Guerrilla Gallery participants and planners include, front row from left, Lindzy Spitnale, Jon Simon, Kourtney McKinney, Mary Reilly, and Shawon Dunston; middle row from left, David Saygers, Alexia Rice-Henry, Jamila Scott, Rebeka Malenfant, and Mark Lammie; back row from left, Talina Tolson, Joe Beck, Andy Alfred, and John Hicklin.
HIRES / BLADE Enlarge
The music and voices are so loud, Mark Lammie can't hear himself talking.
“Wait till these kids get outta here,” he shouts. The dozen or so drummers, dancers, actors, and artists settle into respective classrooms, and the computer graphics man at the downtown high school for the arts can finally be heard.
But Lammie likes racket. As a teen, he left Toledo for Boston just to be closer to the ratty clubs where he could head-bang to his favorite punk bands. As a returnee to his hometown, he's nosed through clubs, cafes, dives, movie houses, galleries, and slams, looking for the city's best artists and performers, getting to know who does what where.
And now for the first time since 1999, he's getting up a Guerrilla Gallery, a noisy one-night gathering of artists, students, art lovers, and people who don't mind noise.
In 1999, he filled the top of the old Davis Building with poets and graffiti painters, wine and cheese, drumming bands and dancers. More than 1,500 people crowded in, making this one of the more successful grassroots arts happenings in recent memory.
“I said back then I didn't think I'd do it again, I'd let someone else take it on,” said the 40-something graphic artist-turned-teacher. “But I guess I just got back into the mood somehow. I was thinking hard about doing it again last fall, in a warehouse down on the river, but that building didn't work out, and I ended up having surgery right about then ... it all works out to the good, though.
“Now, we have the school space, three whole floors of the old Secor Hotel, right downtown. We got the energy of the students, and the skill of all these pro artists, playing off each other. We aren't dumbing anything down to the students' level. We're pushing them to reach for a professional quality in their work. This school is wholehearted into this. It wants to be an epicenter for the arts downtown.”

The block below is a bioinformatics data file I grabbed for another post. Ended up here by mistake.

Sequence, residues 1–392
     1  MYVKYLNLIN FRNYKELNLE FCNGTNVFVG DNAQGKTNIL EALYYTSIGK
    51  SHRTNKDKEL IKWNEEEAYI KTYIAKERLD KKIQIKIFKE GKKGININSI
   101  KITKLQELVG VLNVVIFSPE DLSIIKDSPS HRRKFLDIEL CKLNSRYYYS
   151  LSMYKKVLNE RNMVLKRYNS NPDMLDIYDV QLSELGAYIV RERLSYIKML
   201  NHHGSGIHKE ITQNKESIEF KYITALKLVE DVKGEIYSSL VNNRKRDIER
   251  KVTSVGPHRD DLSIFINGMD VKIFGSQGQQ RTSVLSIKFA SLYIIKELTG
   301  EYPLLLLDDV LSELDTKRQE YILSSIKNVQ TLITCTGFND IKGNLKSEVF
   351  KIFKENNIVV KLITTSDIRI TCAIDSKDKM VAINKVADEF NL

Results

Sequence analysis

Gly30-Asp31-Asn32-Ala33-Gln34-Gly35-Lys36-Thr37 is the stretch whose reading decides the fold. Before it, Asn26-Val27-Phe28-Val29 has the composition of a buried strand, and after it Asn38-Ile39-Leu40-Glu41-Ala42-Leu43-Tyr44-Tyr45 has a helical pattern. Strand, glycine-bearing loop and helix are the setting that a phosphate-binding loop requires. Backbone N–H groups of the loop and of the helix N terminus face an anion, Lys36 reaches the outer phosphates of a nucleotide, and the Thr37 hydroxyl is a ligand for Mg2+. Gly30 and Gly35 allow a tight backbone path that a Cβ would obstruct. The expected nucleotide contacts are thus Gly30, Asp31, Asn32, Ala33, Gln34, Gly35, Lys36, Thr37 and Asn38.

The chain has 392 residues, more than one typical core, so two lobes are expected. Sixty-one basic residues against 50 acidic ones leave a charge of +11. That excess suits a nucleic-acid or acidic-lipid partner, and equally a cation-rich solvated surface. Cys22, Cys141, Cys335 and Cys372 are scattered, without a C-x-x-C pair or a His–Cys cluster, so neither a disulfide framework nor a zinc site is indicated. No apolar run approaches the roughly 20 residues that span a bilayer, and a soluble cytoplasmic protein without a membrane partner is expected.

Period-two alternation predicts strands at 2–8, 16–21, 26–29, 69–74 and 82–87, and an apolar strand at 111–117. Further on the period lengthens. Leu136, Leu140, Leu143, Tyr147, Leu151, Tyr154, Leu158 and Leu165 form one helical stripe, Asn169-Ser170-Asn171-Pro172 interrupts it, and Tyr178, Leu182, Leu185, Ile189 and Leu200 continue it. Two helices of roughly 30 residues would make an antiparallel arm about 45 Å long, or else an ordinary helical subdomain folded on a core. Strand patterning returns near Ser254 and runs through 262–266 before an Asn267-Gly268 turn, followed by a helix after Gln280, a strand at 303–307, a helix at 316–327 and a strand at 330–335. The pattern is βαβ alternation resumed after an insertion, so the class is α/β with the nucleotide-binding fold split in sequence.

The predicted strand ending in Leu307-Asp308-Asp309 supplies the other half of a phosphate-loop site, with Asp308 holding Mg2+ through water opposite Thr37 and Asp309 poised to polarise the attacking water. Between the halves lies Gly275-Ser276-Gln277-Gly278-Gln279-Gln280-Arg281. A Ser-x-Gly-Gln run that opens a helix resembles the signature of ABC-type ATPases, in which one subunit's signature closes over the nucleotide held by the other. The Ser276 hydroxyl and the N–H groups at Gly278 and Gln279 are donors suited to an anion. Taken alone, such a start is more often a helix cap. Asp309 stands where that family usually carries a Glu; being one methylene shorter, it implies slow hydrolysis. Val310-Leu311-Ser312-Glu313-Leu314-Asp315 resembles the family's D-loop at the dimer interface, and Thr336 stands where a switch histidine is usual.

There are improvements - a quieter space for the poets' open-microphone session, but not too far from the action. A space for local filmmakers to screen their work. One-act sketches and stand-up space for the dramatically oriented. Ballet, Afro-Caribbean, dancers of every description. And all kinds of music.
“And the musicians have really come out of the woodwork for us,” Lammie said. “We have the gamut: hip-hop, jazz, folk, rock and roll. We got a great jazz drummer coming, and some young artists and sculptors you probably haven't seen yet.”
Beer and wine will be sold to those with identification; finger food will keep bodies and souls together.
“I do this because I'm crazy, and because nobody else is doing it,” Lammie said. “It's important to get all the artists together to see each other's work. And it's important for [the artists] to show Toledo just what it's got, because this town has no idea how rich it is. And Toledo needs some balance. It's gotta know there's a whole lot more to do here than sports - there's some beauty to balance the violence.”
Guerilla Gallery, a showcase and gathering of Toledo area artists and their works featuring music, visual art, dance, artisans, poetry, and other performances, opens at 6:30 p.m. tomorrow in the Toledo School for the Arts, 425 Jefferson Ave. Admission is $5; proceeds fund school programs. Information: 419-472-6740.
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